Tech-driven education in India: Bridging the gap

Prof. Santishree Dhulipudi Pandit Vice Chancellor (JNU)
Prof. Santishree Dhulipudi Pandit Vice Chancellor (JNU)

25 Jan, 2023

India's growth story in recent years can best be visualized as a tale of 'two cities' told through the discourses of gaps, divides and disparities. The Covid crisis made these fault lines more visible and uglier. Much of the technological transformation underway in urban and metropolitan parts was spearheaded to create deliverables for the less fortunate counterparts in rural India. One major endeavour has been in the field of education. The paradigm shift began in 2014 where a courageous rediscovery into civilizational values of balance between tradition and modernity, realm and region, continuity with change, excellence with equity and innovation with inclusion.

When personal contact and mobility became difficult, India took a giant leap towards creating a digitally empowered and inclusive society. The challenges were immense, and access to the Internet was low, especially in rural India. However, with 560 million internet subscriptions in 2018, up from 238.71 million in 2013, India is the second-largest internet subscription market in the world and could provide a conducive focus ecosystem for the tech market companies to innovate in the field of education.

Urban India benefited immensely from the mushrooming of edutech companies offering a wide spectrum of online educational services. The edutech market in India was about US$2.5 billion in 2020 and is estimated to increase four folds in the next five years to reach about US$10 billion. During the Covid crisis, it was realized that schools must undergo digital transformation. Therefore, all efforts were made to make learning more inclusive and intuitive.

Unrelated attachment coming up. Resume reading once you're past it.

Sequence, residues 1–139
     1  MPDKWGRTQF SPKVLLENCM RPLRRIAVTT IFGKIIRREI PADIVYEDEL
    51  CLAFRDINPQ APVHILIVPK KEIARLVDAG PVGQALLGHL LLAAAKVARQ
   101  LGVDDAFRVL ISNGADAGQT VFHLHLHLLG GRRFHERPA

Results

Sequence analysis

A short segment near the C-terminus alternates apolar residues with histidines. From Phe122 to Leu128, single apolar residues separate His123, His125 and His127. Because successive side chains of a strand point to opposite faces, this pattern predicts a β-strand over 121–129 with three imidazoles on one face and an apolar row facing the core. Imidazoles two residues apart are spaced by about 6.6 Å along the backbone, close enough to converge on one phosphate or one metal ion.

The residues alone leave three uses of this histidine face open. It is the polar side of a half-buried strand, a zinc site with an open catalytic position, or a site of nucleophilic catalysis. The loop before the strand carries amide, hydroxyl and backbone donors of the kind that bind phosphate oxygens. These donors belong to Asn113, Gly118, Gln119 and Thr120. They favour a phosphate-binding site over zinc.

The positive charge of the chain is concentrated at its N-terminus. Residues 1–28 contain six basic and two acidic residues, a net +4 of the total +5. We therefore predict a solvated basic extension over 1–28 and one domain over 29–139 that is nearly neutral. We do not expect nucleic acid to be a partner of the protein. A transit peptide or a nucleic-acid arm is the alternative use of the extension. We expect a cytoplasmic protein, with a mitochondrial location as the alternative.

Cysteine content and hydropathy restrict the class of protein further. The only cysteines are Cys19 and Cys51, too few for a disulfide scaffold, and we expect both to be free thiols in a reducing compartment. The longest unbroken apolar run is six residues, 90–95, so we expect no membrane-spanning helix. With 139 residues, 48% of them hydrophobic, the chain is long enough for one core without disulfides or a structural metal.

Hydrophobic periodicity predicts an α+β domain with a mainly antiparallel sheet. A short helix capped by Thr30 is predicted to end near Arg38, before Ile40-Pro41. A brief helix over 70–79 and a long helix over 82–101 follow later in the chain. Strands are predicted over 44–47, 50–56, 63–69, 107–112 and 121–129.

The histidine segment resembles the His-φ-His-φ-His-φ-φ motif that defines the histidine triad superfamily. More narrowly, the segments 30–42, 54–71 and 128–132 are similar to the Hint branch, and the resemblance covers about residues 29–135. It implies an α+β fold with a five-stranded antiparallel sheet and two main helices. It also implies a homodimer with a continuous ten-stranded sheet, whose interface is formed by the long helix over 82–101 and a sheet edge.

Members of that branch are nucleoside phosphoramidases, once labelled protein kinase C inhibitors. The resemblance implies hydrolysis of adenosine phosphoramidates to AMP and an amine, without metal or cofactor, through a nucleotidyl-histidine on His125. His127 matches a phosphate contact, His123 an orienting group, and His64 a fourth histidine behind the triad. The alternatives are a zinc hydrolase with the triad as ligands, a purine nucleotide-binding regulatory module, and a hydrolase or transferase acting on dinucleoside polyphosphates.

India has about 312,000 common service centres across the country, providing 350 Internet- enabled services, including education. In 2020, during the Covid crisis, the Diksha—one- nation-one-digital-platform—was launched to post a large number of educational content published by NCERT, CBSE and others to give universal and uniform access to students across all states and union territories to quality knowledge. The portal has embedded technology for students with visual and hearing impairments. Video recordings of more than 2000 textbooks have been uploaded on the portal and can be accessed in 31 Indian languages.

India's tech-driven education has been ensuring digital access and digital inclusion to children and students in the remotest parts of the country. Edutech platform 'first-in-class' flags its social values and has signed MoU with Rotary India literacy mission to create the largest free edutech initiative in India and worldwide. The initiative was taken to mark India's 75th year of independence-Azadi ka Amrit Mahotsav; nothing could be more significant than dispelling the darkness of ignorance.

Many non-profit organizations took the initiative to bridge the digital divide by empowering teachers with technology like AI-enabled WhatsApp Chatbot. The interactive chatbots helped teachers adopt and learn digital skills for teaching and learning purposes.

Many Indians can read and write only in one of India's more than 30 official languages. They cannot access the information on personal computers and laptops with English keyboards. Several Indian software developers have enabled the reach of information and education to the Indian masses In the local languages.

In 2020, India had one of the highest gender gaps in technology access. In 2015, only 10 percent of internet users in India's rural areas were women. They suffered from information poverty due to the digital divide. However, smartphone usage among Indian women has increased phenomenally. India has a little more than 300 million households; smartphone usage is in about 200 million households, with at least one or more women user in each household.

Internet became handheld through the usage of smartphones trickling down to villages. Digital technology facilitated formal education and contributed immensely to building skills in the informal sector. People learned new skills from Internet-enabled devices, became self- employed, and ran small businesses, which was a lifesaving opportunity during Covid. India's contribution to ensuring inclusiveness is illustrated in the falling costs of data. India is the second largest smartphone user in the world, and the cost of data is among the lowest and has come down to Rs 0.10 per GB.